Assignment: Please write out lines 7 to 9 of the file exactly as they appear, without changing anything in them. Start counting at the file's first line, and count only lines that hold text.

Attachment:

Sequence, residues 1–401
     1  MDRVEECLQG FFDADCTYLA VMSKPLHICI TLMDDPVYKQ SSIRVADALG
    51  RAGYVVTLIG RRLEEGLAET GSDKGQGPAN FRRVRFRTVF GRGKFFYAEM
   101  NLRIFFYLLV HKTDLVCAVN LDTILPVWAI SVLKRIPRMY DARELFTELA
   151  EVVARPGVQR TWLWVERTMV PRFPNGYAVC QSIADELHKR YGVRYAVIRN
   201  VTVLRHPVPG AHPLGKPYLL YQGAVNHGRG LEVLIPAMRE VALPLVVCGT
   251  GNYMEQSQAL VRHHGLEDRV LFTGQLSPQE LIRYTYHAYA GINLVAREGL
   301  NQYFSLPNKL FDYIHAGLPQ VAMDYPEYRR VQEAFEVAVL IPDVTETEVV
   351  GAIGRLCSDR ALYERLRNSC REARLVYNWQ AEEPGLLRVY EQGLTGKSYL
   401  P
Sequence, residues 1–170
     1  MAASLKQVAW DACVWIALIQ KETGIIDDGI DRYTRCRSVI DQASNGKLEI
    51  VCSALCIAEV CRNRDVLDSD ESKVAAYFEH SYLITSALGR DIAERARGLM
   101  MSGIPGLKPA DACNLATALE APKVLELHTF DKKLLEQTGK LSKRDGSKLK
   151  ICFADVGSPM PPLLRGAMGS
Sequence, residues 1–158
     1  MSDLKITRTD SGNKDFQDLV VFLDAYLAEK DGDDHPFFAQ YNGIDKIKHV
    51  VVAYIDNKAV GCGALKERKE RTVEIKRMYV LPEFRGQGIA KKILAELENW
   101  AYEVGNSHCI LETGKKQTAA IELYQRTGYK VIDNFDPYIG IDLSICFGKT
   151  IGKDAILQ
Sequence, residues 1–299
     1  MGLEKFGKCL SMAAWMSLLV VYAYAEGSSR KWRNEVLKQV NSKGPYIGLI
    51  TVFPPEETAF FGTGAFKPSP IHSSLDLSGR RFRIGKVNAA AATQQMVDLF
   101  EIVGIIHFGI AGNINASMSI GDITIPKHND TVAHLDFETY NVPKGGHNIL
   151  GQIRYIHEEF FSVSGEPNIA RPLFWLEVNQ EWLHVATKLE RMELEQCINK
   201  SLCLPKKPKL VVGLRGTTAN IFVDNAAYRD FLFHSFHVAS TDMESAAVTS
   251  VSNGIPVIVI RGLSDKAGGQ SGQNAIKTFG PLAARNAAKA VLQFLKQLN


   251  GNYMEQSQAL VRHHGLEDRV LFTGQLSPQE LIRYTYHAYA GINLVAREGL
   301  NQYFSLPNKL FDYIHAGLPQ VAMDYPEYRR VQEAFEVAVL IPDVTETEVV
   351  GAIGRLCSDR ALYERLRNSC REARLVYNWQ AEEPGLLRVY EQGLTGKSYL